Speaking with ABC’s Jake Tapper on This Week, former President Bill Clinton — during whose tenure the government decided against regulating derivatives and allowed the repeal of some of the Depression-era Glass-Steagall Act, allowing the creation of megabanks — said he was wrong.
I think [Treasury Secretaries Robert Rubin and Larry Summers] were wrong and I think I was wrong to take [to take their advice], because the argument on derivatives was that these things are expensive and sophisticated and only a handful of investors will buy them and they don’t need any extra protection, and any extra transparency. The money they’re putting up guarantees them transparency. And the flaw in that argument was that first of all sometimes people with a lot of money make stupid decisions and make it without transparency.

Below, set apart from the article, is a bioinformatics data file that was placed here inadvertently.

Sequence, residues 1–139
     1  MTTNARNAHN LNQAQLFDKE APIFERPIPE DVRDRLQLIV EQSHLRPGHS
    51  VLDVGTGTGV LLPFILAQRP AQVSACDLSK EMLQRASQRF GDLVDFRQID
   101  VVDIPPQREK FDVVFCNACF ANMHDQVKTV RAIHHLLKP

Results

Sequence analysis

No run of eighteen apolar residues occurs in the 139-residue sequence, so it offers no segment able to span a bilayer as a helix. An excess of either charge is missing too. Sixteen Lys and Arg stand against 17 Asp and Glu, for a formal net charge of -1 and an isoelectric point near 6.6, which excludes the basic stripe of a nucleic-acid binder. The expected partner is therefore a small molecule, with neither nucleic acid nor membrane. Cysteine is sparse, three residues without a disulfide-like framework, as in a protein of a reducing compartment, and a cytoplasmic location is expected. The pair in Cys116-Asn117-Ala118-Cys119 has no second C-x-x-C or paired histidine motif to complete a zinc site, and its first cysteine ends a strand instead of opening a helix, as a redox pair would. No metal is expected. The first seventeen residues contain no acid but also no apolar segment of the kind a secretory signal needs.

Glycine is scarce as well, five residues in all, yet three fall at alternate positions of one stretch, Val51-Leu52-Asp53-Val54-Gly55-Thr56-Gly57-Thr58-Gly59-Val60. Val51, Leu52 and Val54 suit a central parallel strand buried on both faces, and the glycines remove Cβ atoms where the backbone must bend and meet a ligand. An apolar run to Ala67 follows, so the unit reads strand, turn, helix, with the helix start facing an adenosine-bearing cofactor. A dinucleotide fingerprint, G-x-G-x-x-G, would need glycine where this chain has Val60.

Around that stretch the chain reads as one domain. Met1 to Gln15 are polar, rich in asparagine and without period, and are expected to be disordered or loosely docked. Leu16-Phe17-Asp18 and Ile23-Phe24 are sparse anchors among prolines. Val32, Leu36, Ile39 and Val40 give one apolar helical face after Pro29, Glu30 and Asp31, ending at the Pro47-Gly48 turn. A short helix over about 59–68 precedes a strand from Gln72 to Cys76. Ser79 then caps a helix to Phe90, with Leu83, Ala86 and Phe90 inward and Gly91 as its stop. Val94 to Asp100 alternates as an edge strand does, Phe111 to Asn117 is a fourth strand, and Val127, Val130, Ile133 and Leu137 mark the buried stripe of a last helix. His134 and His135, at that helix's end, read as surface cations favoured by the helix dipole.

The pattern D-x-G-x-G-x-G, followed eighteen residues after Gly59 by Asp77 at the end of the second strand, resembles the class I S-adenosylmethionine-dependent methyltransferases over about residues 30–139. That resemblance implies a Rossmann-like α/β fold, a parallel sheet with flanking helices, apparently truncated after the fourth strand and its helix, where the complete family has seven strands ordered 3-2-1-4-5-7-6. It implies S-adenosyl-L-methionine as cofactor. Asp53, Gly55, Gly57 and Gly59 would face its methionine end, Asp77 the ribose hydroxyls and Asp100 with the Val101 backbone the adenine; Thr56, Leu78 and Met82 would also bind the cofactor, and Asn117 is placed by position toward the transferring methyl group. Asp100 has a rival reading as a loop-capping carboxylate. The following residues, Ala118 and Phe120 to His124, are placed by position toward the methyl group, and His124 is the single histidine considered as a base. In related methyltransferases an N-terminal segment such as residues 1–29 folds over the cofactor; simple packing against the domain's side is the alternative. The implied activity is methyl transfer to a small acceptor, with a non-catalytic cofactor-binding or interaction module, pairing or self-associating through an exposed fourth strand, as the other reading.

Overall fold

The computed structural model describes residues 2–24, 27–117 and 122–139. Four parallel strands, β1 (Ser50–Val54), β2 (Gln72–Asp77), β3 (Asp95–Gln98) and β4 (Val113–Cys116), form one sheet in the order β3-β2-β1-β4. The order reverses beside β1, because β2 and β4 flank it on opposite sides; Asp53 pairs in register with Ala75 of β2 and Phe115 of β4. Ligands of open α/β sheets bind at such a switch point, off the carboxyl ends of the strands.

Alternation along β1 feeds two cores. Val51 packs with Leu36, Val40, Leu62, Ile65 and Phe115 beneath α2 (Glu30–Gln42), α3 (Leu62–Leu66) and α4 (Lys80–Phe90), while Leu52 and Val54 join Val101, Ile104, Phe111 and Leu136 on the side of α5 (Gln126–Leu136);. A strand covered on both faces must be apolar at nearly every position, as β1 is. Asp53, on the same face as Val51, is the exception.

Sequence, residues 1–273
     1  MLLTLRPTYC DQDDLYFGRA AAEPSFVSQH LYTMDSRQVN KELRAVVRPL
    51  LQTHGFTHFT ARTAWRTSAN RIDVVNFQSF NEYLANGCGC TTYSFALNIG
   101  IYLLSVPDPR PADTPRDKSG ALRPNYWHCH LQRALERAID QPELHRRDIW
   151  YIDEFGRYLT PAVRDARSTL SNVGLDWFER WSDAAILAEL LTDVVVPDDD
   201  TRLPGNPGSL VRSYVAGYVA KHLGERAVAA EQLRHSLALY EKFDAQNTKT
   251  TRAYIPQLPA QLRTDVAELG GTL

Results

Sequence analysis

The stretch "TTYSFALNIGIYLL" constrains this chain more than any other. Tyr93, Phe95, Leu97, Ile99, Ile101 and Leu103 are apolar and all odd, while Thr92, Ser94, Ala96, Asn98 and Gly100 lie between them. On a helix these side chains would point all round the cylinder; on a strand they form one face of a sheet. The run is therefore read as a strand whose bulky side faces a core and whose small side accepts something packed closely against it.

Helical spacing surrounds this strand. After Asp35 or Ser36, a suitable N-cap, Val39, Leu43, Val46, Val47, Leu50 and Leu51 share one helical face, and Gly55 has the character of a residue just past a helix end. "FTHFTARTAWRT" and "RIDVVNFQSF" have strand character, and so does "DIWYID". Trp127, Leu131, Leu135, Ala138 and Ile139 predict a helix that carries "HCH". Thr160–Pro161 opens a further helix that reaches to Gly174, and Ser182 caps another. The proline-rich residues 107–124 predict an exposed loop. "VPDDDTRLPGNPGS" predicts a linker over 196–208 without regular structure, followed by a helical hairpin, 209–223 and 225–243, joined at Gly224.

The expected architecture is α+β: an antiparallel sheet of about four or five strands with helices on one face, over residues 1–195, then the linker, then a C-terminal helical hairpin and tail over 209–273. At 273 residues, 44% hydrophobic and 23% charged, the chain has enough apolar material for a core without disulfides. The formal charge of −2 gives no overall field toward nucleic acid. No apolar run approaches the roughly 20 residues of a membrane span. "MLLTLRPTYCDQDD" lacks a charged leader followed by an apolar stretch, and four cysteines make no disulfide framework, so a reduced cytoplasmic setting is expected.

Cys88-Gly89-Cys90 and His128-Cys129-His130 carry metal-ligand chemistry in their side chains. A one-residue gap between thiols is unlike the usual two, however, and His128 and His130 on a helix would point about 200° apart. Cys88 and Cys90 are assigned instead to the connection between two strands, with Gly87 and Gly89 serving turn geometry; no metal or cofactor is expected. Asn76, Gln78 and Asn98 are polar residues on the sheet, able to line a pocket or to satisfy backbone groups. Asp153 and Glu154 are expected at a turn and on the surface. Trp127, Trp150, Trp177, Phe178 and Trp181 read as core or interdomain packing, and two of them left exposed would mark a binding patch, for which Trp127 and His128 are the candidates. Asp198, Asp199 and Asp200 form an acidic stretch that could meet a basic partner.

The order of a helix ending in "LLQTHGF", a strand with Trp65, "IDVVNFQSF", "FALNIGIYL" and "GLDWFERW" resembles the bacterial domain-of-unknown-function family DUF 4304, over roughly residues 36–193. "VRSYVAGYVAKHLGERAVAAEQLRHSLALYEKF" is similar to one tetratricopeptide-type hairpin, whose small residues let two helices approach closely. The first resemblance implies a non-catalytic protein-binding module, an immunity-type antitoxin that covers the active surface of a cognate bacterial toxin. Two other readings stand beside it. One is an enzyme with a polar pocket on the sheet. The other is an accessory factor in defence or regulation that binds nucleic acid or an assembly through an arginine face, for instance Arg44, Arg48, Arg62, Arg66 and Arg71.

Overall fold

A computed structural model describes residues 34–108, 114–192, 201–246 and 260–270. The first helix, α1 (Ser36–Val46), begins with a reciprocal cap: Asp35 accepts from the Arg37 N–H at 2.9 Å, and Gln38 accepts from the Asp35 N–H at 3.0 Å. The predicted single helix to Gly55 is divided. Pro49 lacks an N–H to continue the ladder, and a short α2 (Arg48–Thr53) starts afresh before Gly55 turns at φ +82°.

Clinton’s admission underscores the basic importance of financial regulation; during the boom and bust, derivatives, worth at least $4.5 trillion notionally, went entirely unregulated.